Health and food safety experts in New Zealand say they are at a loss to explain a big rise in the number of cases of the food poisoning bug, campylobacter.
Campylobacter , one of the most common causes of food poisoning, is more commonly found in rural parts of the country, but is now affecting larger numbers of city residents.
Food Safety Authority (FSA) principal public health advisor, Donald Campbell, says that in recent months cases have jumped from an average 200 a week to 250 for no apparent reason.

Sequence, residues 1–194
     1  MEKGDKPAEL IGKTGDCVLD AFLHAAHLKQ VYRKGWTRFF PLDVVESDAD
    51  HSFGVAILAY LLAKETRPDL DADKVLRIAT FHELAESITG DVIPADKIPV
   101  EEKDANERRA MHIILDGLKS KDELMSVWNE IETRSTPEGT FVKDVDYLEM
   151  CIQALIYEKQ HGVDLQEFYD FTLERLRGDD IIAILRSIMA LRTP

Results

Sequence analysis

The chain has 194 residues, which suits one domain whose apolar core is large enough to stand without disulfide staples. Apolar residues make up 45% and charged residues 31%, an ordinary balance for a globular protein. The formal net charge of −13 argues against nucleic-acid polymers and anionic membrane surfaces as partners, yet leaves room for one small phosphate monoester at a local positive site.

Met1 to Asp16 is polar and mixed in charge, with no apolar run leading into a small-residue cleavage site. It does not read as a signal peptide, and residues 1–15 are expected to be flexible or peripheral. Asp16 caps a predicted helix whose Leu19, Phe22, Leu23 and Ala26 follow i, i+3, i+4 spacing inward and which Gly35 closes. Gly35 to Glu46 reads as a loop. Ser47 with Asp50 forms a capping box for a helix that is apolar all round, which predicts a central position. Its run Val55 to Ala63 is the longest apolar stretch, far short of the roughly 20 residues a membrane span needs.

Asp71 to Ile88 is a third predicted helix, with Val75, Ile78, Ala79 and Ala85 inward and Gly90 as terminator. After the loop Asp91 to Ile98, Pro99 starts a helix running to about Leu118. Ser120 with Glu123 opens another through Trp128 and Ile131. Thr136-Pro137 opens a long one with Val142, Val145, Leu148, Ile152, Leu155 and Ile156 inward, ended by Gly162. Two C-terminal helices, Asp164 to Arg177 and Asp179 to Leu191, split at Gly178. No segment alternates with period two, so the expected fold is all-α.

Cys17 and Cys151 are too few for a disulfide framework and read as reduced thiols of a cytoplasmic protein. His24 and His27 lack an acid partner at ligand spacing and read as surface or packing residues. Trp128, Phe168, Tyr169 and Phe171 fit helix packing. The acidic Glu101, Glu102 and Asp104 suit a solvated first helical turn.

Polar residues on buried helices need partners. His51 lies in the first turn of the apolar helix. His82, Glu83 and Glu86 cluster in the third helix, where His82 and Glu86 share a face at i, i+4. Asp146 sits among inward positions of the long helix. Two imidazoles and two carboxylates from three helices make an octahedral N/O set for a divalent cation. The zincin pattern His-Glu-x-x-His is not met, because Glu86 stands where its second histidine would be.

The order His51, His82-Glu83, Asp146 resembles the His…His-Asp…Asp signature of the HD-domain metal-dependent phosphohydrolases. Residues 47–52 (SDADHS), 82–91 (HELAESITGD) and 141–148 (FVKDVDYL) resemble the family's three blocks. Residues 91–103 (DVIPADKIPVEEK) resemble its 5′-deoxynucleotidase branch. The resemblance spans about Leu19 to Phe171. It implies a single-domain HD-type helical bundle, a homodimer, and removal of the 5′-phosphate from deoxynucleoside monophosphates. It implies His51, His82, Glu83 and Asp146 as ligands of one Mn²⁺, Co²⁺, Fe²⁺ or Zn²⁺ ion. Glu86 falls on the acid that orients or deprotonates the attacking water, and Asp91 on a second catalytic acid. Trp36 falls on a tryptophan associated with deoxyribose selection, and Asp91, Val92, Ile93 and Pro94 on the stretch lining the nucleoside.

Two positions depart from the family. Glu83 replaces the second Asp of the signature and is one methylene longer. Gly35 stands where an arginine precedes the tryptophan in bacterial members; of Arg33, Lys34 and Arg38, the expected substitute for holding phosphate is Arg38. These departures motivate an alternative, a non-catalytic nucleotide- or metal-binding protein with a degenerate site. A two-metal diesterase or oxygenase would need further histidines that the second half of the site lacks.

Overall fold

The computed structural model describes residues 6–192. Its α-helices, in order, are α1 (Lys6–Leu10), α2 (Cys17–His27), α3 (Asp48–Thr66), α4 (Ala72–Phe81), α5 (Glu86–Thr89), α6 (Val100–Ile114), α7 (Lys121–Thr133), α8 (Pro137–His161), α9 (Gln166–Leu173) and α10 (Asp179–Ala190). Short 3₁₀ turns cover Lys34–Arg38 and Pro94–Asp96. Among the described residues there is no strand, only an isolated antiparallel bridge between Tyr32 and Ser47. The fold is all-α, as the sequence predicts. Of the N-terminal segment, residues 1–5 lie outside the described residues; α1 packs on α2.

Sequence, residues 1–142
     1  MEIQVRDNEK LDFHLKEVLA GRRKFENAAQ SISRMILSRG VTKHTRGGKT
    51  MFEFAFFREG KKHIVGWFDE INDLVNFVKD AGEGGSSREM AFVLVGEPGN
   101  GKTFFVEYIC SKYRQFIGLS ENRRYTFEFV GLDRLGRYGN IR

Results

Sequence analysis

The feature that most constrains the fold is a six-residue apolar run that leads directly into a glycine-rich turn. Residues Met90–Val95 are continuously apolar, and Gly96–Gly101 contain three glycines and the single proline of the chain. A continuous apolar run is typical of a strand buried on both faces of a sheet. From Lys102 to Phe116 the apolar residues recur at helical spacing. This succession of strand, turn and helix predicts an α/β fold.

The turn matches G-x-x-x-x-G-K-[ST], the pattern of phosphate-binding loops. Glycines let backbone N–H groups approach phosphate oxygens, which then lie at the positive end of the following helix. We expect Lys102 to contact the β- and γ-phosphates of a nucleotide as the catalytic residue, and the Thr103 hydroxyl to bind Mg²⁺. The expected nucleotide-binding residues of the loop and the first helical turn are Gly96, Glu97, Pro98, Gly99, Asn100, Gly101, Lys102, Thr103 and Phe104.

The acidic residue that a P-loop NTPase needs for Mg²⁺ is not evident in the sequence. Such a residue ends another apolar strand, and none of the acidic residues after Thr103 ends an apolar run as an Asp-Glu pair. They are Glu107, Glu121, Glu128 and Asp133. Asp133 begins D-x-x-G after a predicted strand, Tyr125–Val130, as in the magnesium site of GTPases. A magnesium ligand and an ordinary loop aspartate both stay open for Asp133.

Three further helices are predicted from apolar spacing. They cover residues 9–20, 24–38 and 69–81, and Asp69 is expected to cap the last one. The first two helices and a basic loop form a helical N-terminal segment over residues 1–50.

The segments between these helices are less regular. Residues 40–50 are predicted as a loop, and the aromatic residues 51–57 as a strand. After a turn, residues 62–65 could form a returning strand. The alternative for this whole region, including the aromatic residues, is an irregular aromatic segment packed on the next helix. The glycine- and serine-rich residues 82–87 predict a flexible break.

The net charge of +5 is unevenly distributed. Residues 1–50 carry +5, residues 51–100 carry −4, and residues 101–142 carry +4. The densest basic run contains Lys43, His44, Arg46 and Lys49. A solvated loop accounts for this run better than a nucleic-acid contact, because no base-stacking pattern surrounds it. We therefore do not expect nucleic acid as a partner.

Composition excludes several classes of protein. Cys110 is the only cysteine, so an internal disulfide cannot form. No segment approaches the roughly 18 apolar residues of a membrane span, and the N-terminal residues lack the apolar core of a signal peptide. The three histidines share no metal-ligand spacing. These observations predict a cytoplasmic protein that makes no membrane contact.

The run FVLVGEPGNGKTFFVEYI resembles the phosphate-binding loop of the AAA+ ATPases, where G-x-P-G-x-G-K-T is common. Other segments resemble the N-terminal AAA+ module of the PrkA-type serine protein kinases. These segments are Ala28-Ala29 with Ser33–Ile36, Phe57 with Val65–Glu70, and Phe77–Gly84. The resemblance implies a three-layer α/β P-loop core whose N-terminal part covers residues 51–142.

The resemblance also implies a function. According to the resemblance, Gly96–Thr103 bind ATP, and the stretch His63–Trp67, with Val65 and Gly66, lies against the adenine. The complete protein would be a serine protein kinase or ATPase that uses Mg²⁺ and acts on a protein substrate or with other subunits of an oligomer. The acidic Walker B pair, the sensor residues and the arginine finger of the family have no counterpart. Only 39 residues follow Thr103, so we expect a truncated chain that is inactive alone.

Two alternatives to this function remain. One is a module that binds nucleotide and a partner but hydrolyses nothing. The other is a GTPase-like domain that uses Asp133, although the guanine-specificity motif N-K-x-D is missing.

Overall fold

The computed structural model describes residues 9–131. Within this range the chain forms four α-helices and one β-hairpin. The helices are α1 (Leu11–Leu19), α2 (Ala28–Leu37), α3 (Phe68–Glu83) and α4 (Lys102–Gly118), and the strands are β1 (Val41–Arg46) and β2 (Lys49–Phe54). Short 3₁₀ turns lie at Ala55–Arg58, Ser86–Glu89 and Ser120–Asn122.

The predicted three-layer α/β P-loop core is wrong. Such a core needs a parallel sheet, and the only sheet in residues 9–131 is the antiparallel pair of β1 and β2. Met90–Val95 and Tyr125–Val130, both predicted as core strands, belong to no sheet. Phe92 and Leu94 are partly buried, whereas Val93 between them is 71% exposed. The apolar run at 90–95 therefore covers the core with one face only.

Scientists, food safety experts and health professionals are using computer modelling to find ways to stop the number of cases increasing.
There are fresh calls for consumers to handle chicken properly after the Food Safety Authority reported recently that more than 90% of raw chicken in New Zealand could be contaminated with campylobacter.
On average, New Zealand consumes about 36 kilograms of chicken per person every year.